Delay in trial of offence under Prevention of Corruption Act.

No time limit can be stipulated for disposal of the criminal trial. The delay caused has to be weighed on the factual score, regard being had to the nature of the offence and the concept of social justice and the cry of the collective.

In the case at hand, the appellant has been charge-sheeted under the Prevention of Corruption Act, 1988 for disproportionate assets. The said Act has a purpose to serve. The Parliament intended to eradicate corruption and provide deterrent punishment when criminal culpability is proven. The intendment of the legislature has an immense social relevance. In the present day scenario, corruption has been treated to have the potentiality of corroding the marrows of the economy. There are cases where the amount is small and in certain cases, it is extremely high. The gravity of the offence in such a case, in our considered opinion, is not to be adjudged on the bedrock of the quantum of bribe. An attitude to abuse the official position to extend favour in lieu of benefit is a crime against the collective and an anathema to the basic tenet of democracy, for it erodes the faith of the people in the system. It creates an incurable concavity in the Rule of Law. Be it noted, system of good governance is founded on collective faith in the institutions. If corrosions are allowed to continue by giving allowance to quash the proceedings in corruption cases solely because of delay without scrutinizing other relevant factors, a time may come when the unscrupulous people would foster and garner the tendency to pave the path of anarchism.

It can be stated without any fear of contradiction that corruption is not to be judged by degree, for corruption mothers disorder, destroys societal will to progress, accelerates undeserved ambitions, kills the conscience, jettisons the glory of the institutions, paralyses the economic health of a country, corrodes the sense of civility and mars the marrows of governance.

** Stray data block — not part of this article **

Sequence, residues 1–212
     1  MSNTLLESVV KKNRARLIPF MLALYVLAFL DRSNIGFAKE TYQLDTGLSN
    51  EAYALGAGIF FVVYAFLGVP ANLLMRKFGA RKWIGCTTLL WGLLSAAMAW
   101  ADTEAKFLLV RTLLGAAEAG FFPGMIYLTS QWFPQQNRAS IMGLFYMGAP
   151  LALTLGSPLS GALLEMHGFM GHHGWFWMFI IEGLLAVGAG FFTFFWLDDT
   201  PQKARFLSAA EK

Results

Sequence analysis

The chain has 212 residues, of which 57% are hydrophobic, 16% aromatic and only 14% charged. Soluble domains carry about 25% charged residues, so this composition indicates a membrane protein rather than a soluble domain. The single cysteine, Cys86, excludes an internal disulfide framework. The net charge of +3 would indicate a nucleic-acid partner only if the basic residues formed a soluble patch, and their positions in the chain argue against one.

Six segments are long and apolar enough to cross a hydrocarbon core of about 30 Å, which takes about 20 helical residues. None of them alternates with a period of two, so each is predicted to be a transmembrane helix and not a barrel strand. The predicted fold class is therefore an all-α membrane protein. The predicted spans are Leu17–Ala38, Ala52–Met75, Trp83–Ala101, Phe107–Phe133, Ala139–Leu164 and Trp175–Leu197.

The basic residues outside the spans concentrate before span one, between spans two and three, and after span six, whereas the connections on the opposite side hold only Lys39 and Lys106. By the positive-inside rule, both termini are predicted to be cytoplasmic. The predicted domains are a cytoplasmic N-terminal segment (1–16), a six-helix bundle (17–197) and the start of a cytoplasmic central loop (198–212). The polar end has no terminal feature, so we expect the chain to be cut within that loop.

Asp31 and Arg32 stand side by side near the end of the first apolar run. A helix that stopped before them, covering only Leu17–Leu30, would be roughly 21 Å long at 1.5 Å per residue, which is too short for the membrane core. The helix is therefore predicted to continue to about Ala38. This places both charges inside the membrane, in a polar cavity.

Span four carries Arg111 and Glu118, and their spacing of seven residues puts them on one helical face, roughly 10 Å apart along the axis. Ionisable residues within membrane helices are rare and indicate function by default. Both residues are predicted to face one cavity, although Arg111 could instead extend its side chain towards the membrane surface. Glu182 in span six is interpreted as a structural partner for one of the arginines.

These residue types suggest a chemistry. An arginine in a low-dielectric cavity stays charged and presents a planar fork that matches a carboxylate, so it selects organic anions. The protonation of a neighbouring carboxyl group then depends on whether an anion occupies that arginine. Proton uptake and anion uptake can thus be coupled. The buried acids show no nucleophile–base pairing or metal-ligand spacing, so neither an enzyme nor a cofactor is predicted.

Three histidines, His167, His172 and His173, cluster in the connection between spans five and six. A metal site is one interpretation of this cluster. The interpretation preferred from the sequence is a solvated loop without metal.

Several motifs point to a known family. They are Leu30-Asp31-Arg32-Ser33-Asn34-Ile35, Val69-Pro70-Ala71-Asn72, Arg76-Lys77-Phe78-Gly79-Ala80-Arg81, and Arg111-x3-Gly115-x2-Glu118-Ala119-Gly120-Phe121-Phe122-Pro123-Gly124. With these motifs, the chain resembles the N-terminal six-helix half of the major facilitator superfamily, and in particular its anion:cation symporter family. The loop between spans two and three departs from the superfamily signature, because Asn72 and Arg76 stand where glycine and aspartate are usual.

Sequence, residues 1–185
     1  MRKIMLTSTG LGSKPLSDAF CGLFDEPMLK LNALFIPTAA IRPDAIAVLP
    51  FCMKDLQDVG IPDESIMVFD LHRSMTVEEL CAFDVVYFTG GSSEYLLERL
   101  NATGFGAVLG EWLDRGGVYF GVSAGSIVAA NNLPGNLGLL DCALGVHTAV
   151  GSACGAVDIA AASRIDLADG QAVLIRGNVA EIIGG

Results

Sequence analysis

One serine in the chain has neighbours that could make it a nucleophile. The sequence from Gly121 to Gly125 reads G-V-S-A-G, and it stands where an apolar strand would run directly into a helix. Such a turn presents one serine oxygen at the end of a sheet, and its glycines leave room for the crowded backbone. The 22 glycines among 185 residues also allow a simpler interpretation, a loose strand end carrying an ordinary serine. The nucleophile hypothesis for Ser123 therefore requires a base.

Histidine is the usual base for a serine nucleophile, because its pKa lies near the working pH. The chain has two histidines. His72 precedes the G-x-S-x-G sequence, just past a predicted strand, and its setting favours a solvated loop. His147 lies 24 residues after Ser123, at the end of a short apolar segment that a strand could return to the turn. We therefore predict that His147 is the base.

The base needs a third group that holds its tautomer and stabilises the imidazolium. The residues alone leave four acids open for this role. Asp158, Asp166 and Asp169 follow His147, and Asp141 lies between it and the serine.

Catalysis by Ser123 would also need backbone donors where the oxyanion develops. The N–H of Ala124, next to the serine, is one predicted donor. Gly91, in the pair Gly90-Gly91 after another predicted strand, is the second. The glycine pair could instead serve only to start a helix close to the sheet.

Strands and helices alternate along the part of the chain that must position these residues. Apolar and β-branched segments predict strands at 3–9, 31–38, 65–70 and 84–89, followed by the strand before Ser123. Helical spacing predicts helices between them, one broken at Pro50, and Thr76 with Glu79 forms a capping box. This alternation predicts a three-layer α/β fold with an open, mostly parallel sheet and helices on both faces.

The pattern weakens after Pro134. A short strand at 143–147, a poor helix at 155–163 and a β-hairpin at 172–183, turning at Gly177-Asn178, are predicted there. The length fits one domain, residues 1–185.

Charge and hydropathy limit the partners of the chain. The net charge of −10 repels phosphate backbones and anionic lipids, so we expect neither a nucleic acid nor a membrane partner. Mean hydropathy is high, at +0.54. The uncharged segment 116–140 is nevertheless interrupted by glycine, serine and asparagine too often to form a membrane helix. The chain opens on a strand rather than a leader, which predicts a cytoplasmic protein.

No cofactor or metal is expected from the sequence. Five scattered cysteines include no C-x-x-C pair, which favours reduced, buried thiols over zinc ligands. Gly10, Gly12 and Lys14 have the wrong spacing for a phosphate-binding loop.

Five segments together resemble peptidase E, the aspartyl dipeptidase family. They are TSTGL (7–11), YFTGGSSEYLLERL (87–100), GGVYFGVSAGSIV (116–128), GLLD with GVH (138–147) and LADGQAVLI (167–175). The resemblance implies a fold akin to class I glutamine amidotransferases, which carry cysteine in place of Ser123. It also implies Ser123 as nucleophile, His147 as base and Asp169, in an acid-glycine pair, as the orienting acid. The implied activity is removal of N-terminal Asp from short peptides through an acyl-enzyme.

It is worth noting that immoral acquisition of wealth destroys the energy of the people believing in honesty, and history records with agony how they have suffered. The only redeeming fact is that collective sensibility respects such suffering as it is in consonance with the constitutional morality. Therefore, the relief for quashing of a trial under the 1988 Act has to be considered in the above backdrop.

It is perceivable that delay has occurred due to dilatory tactics adopted by the accused, laxity on the part of the prosecution and faults on the part of the system, i.e., to keep the court vacant. It is also interesting to note that though there was no order directing stay of the proceedings before the trial court, yet at the instance of the accused, adjournments were sought. After the High Court clarified the position, the accused, by exhibition of inherent proclivity, sought adjournment and filed miscellaneous applications for prolonging the trial, possibly harbouring the notion that asking for adjournment is a right of the accused and filing applications is his unexceptional legal right. When we say so, we may not be understood to have said that the accused is debarred in law to file applications, but when delay is caused on the said score, he cannot advance a plea that the delay in trial has caused colossal hardship and agony warranting quashment of the entire criminal proceeding. In the present case, as has been stated earlier, the accused, as alleged, had acquired assets worth Rs. 33.44 lacs. The value of the said amount at the time of launching of the prosecution has to be kept in mind. It can be stated with absolute assurance that the tendency to abuse the official position has spread like an epidemic and has shown its propensity making the collective to believe that unless bribe is given, the work may not be done. To put it differently, giving bribe, whether in cash or in kind, may become the “mantra” of the people. We may hasten to add, some citizens do protest but the said protest may not inspire others to follow the path of sacredness of boldness and sacrosanctity of courage. Many may try to deviate. This deviation is against the social and national interest. Thus, we are disposed to think that the balance to continue the proceeding against the accused-appellants tilts in favour of the prosecution and, hence, we are not inclined to exercise the jurisdiction under Article 32 of the Constitution to quash the proceedings.

[Source: Niranjan Hemchandra Sashittal vs State Of Maharashtra decided by SC on 15 March, 2013 published (2013) 4 SCC 642]

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